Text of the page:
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Triangle A TRIANGLE is a polygon with three edges and three vertices . It is one of the basic shapes in geometry . A triangle with vertices A, B, and C is denoted A B C {displaystyle triangle ABC} . In Euclidean geometry any three points, when noncollinear, determine a unique triangle and a unique plane (i.e. a twodimensional Euclidean space ). This article is about triangles in Euclidean geometry except where otherwise noted [...More...]  "Triangle" on: Wikipedia Yahoo 

Tally Marks TALLY MARKS, also called HASH MARKS, are a unary numeral system . They are a form of numeral used for counting . They are most useful in counting or tallying ongoing results, such as the score in a game or sport, as no intermediate results need to be erased or discarded. However, because of the length of large numbers, tallies are not commonly used for static text. Notched sticks, known as tally sticks , were also historically used for this purpose. CONTENTS * 1 Early history * 2 Clustering * 3 Writing systems * 4 See also * 5 References EARLY HISTORY Main article: Prehistoric numerals Counting Counting aids other than body parts appear in the Upper Paleolithic . The oldest tally sticks date to between 35,000 and 25,000 years ago, in the form of notched bones found in the context of the European Aurignacian to Gravettian and in Africa's Late Stone Age [...More...]  "Tally Marks" on: Wikipedia Yahoo 

If And Only If In logic and related fields such as mathematics and philosophy , IF AND ONLY IF (shortened IFF) is a biconditional logical connective between statements. In that it is biconditional , the connective can be likened to the standard material conditional ("only if", equal to "if ... then") combined with its reverse ("if"); hence the name. The result is that the truth of either one of the connected statements requires the truth of the other (i.e. either both statements are true, or both are false). It is controversial whether the connective thus defined is properly rendered by the English "if and only if", with its preexisting meaning. There is nothing to stop one from stipulating that we may read this connective as "only if and if", although this may lead to confusion [...More...]  "If And Only If" on: Wikipedia Yahoo 

Plane (mathematics) In mathematics , a PLANE is a flat, twodimensional surface that extends infinitely far. A plane is the twodimensional analogue of a point (zero dimensions), a line (one dimension) and threedimensional space . Planes can arise as subspaces of some higherdimensional space, as with a room's walls extended infinitely far, or they may enjoy an independent existence in their own right, as in the setting of Euclidean geometry Euclidean geometry . When working exclusively in twodimensional Euclidean space Euclidean space , the definite article is used, so, the plane refers to the whole space. Many fundamental tasks in mathematics, geometry , trigonometry , graph theory , and graphing are performed in a twodimensional space, or, in other words, in the plane [...More...]  "Plane (mathematics)" on: Wikipedia Yahoo 

Euclid EUCLID (/ˈjuːklᵻd/ ; Greek : Εὐκλείδης, Eukleidēs Ancient Greek: ; fl. 300 BCE), sometimes called EUCLID OF ALEXANDRIA to distinguish him from Euclides of Megara , was a Greek mathematician , often referred to as the "father of geometry". He was active in Alexandria Alexandria during the reign of Ptolemy I (323–283 BCE). His Elements is one of the most influential works in the history of mathematics , serving as the main textbook for teaching mathematics (especially geometry ) from the time of its publication until the late 19th or early 20th century. In the Elements, Euclid Euclid deduced the principles of what is now called Euclidean geometry from a small set of axioms . Euclid Euclid also wrote works on perspective , conic sections , spherical geometry , number theory , and rigor [...More...]  "Euclid" on: Wikipedia Yahoo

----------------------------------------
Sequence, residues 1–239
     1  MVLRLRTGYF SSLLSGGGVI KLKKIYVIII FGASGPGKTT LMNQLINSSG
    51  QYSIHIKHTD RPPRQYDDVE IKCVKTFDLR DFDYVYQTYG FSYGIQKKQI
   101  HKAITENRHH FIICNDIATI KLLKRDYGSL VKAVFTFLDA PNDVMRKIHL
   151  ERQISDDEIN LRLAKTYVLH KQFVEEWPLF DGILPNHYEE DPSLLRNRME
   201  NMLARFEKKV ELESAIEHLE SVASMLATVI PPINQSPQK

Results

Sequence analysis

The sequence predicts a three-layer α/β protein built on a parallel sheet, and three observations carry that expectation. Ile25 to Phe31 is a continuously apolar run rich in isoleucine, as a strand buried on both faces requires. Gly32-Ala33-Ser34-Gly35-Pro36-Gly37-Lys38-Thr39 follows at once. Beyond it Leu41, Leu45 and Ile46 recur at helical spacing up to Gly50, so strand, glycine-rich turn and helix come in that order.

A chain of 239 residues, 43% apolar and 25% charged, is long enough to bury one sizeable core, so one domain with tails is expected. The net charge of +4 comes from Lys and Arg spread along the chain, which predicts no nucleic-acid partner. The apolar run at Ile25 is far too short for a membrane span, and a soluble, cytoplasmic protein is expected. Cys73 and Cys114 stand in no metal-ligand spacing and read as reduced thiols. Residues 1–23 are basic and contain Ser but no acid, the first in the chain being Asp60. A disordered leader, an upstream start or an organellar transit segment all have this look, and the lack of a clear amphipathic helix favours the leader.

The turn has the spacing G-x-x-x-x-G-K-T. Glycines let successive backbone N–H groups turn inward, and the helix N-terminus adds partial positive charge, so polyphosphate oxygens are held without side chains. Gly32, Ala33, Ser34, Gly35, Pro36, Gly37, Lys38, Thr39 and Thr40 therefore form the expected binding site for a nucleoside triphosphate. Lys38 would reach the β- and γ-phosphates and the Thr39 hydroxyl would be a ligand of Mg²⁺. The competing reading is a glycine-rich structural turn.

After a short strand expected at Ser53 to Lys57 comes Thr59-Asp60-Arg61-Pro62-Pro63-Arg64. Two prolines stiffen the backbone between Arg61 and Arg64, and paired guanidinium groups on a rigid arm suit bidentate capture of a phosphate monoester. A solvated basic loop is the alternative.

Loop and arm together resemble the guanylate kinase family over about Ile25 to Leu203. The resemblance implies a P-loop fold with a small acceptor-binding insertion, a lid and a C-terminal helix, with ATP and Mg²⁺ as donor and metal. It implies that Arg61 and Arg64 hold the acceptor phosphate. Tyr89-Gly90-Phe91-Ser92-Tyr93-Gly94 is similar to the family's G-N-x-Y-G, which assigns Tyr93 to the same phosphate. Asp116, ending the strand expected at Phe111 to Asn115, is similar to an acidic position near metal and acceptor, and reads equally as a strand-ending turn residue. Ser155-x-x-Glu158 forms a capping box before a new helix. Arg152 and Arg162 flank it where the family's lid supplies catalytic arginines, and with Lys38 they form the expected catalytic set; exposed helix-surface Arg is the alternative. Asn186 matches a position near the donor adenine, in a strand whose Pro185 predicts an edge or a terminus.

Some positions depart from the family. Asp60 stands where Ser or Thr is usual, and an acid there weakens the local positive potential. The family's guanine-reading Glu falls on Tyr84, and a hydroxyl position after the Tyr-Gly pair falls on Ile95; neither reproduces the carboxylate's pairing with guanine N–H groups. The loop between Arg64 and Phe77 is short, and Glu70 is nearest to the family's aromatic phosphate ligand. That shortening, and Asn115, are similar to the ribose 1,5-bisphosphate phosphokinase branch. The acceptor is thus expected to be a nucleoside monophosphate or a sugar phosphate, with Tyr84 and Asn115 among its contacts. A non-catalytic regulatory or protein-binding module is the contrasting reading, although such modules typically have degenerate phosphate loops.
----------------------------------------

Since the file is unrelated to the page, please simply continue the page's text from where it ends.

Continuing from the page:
Euclid's Elements The ELEMENTS ( Ancient Greek Ancient Greek : Στοιχεῖα Stoicheia) is a mathematical treatise consisting of 13 books attributed to the ancient Greek mathematician Euclid in Alexandria Alexandria , Ptolemaic Egypt circa 300 BC. It is a collection of definitions, postulates, propositions (theorems and constructions ), and mathematical proofs of the propositions. The books cover plane and solid Euclidean geometry , elementary number theory , and incommensurable lines. Elements is the oldest extant largescale deductive treatment of mathematics . It has proven instrumental in the development of logic and modern science , and its logical rigor was not surpassed until the 19th century. Euclid's Elements Euclid's Elements has been referred to as the most successful and influential textbook ever written [...More...]  "Euclid's Elements" on: Wikipedia Yahoo 

Theorem In mathematics , a THEOREM is a statement that has been proved on the basis of previously established statements, such as other theorems, and generally accepted statements, such as axioms . A theorem is a logical consequence of the axioms. The proof of a mathematical theorem is a logical argument for the theorem statement given in accord with the rules of a deductive system . The proof of a theorem is often interpreted as justification of the truth of the theorem statement. In light of the requirement that theorems be proved, the concept of a theorem is fundamentally deductive , in contrast to the notion of a scientific law , which is experimental . Many mathematical theorems are conditional statements. In this case, the proof deduces the conclusion from conditions called HYPOTHESES or premises [...More...]  "Theorem" on: Wikipedia Yahoo 

Degree (angle) A DEGREE (in full, a DEGREE OF ARC, ARC DEGREE, or ARCDEGREE), usually denoted by ° (the degree symbol ), is a measurement of a plane angle , defined so that a full rotation is 360 degrees. It is not an SI unit SI unit , as the SI unit SI unit of angular measure is the radian , but it is mentioned in the SI brochure as an accepted unit . Because a full rotation equals 2π radians, one degree is equivalent to π/180 radians. CONTENTS * 1 History * 2 Subdivisions * 3 Alternative units * 4 See also * 5 Notes * 6 References * 7 External links HISTORY A circle with an equilateral chord (red). One sixtieth of this arc is a degree. Six such chords complete the circle. The original motivation for choosing the degree as a unit of rotations and angles is unknown. One theory states that it is related to the fact that 360 is approximately the number of days in a year [...More...]  "Degree (angle)" on: Wikipedia Yahoo